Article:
Water Source Areas programme manager, World Wildlife Fund
Young entrepreneur Samir Randera- Rees is an exceptionally talented conservationist and a TV personality as well as Water Source Areas programme manager at the World Wildlife Fund (WWF). The programme aims to improve the protection and management of South Africa’s strategic water sources — the 8% of this country’s land surface that provides 50% of its water — and in this water-scarce country the importance of this work cannot be overstated.
“People often accuse environmentalists of caring more for animals than for people, but from my experience, you cannot look after the environment without combatting poverty and ensuring that all people live with dignity,” explains Randera-Rees. “I do love animals and nature, but I also love people and have a deep-seated desire to improve lives; I love what I do because I am helping both the environment and people. “Water is this incredible connector that links every facet of nature and society. While my goal is to better protect and manage our water source areas, the solutions we come up with are incredibly varied and include everything from integrating cutting-edge science to lobbying government, improving rural livelihoods and legal protection and management of these areas. His app, called Whispers of the Wild, is an audio and visual guide to African wildlife.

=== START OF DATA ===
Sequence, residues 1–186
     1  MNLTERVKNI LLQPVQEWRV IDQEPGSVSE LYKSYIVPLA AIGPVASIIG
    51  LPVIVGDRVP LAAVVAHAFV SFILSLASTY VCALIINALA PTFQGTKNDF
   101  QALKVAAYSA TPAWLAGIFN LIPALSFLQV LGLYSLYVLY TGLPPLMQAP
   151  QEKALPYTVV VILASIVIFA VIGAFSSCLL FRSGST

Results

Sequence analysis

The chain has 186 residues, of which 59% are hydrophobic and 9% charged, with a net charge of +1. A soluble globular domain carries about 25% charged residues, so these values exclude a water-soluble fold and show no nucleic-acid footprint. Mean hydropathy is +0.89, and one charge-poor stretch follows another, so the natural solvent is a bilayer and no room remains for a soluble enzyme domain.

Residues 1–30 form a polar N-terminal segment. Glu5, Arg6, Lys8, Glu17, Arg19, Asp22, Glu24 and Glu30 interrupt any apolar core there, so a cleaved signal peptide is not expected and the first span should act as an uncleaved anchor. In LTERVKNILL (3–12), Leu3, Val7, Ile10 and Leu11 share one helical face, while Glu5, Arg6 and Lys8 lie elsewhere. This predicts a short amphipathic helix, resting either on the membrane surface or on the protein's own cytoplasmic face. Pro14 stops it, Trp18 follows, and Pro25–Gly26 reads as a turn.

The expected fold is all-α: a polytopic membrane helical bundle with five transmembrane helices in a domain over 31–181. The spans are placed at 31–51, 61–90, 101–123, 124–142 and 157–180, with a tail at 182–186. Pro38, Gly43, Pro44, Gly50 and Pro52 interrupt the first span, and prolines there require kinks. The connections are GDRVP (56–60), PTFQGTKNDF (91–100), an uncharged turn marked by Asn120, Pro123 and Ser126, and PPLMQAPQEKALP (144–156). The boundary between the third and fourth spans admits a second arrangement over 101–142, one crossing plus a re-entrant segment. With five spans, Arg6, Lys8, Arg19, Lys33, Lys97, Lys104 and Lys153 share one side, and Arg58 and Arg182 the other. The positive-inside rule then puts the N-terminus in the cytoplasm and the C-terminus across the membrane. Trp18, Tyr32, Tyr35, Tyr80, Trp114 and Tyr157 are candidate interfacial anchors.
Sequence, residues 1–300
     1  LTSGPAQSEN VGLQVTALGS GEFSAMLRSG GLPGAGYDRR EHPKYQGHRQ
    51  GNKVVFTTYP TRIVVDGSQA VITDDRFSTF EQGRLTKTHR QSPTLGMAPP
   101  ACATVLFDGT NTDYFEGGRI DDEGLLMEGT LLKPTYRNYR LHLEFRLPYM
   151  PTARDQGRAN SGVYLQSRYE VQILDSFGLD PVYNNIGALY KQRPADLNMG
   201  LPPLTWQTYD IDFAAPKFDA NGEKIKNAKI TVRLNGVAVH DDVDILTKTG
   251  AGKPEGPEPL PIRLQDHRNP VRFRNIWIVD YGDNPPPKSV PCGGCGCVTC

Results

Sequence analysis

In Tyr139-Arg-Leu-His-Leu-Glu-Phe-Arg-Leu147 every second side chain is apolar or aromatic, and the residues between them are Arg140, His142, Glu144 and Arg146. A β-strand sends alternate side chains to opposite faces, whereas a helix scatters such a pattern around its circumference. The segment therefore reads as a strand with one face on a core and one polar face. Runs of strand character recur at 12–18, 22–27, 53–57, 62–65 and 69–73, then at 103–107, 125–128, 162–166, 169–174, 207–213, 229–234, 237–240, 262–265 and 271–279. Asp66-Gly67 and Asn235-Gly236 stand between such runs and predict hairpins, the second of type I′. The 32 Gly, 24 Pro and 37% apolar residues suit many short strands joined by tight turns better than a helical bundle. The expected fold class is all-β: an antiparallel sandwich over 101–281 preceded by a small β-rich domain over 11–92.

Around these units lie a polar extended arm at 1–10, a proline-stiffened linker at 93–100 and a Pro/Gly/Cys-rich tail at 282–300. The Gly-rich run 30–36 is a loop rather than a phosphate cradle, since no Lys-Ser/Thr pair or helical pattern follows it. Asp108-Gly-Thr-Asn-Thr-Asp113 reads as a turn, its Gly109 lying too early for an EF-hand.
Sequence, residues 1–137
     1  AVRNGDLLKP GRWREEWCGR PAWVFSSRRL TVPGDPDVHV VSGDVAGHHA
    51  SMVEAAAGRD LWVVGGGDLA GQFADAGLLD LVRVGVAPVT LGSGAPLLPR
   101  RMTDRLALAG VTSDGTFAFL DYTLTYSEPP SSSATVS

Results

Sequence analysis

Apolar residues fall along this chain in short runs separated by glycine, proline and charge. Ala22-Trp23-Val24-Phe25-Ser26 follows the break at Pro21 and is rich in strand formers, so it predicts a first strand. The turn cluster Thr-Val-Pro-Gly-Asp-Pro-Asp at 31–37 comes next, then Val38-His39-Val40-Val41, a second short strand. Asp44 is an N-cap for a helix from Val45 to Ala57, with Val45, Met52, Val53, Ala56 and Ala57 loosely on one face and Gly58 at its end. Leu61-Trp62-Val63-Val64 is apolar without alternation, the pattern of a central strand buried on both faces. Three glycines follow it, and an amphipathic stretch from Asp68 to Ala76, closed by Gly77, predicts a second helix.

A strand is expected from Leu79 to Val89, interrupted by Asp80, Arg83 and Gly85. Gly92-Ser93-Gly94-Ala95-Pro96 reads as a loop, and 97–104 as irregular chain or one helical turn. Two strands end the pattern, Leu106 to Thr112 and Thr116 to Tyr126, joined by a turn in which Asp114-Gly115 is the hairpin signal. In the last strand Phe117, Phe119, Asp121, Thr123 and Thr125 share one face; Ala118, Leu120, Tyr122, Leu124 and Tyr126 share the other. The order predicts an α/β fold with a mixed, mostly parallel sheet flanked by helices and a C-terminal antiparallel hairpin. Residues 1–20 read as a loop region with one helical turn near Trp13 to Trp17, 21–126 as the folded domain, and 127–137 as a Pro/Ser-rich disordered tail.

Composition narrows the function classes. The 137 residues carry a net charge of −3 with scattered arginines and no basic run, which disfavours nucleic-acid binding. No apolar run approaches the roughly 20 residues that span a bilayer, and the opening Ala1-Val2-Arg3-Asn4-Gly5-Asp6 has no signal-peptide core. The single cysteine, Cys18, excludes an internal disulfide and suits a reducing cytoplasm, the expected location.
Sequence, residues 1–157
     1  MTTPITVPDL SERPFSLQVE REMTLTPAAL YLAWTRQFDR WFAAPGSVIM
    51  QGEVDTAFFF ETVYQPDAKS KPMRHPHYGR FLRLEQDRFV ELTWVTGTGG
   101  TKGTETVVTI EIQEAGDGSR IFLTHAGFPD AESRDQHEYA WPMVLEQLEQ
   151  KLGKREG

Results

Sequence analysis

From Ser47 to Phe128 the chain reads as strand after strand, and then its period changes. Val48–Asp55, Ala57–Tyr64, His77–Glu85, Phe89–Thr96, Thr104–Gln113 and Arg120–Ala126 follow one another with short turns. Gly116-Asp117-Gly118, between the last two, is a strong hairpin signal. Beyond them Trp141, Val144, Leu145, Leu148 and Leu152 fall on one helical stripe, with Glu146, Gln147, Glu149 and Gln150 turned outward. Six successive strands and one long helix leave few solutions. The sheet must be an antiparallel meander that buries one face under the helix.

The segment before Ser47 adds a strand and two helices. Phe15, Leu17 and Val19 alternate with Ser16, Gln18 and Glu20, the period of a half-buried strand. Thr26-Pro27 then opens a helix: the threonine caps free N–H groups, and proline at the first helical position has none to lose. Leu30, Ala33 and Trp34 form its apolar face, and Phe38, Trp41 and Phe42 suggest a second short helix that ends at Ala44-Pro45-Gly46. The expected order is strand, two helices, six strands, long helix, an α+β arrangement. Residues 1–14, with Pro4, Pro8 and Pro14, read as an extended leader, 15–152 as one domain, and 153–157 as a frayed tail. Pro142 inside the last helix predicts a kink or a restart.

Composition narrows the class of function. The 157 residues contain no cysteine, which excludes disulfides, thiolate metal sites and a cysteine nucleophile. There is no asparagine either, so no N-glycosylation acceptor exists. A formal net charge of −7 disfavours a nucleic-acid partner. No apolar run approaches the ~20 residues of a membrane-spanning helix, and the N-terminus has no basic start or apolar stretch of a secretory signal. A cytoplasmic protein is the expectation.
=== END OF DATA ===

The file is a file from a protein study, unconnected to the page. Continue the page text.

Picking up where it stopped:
“It is a game ranger on your phone, which helps you appreciate and understand wildlife.” He is now developing an app for an elite safari company. Randera-Rees has also developed a conservation curriculum for the Youth Conservation Programme, which targets unemployed youth living adjacent to protected areas, designed to give them an appreciation of the role nature plays in their lives and opportunities in the Green Economy. The programme has been successfully rolled out in six provinces so far, and is set to be integrated into the People and Parks programme. He has a double master’s in applied ecology and conservation through the EU Erasmus Mundus scholarship programme.
“I used to think that my interest in the environment was just a hobby, but when I started taking courses in environmental science at UCT, it opened my eyes to what a terrible state our environment is in. “I realised that if people like me with passion and ambition do not dedicate their lives to the environment, then it doesn’t stand a chance. That was when I decided that my career lay in conservation. My longterm goal is to be a leader in the conservation sector and use my skills and influence to achieve sustainable, positive change.”
— Rebecca Haynes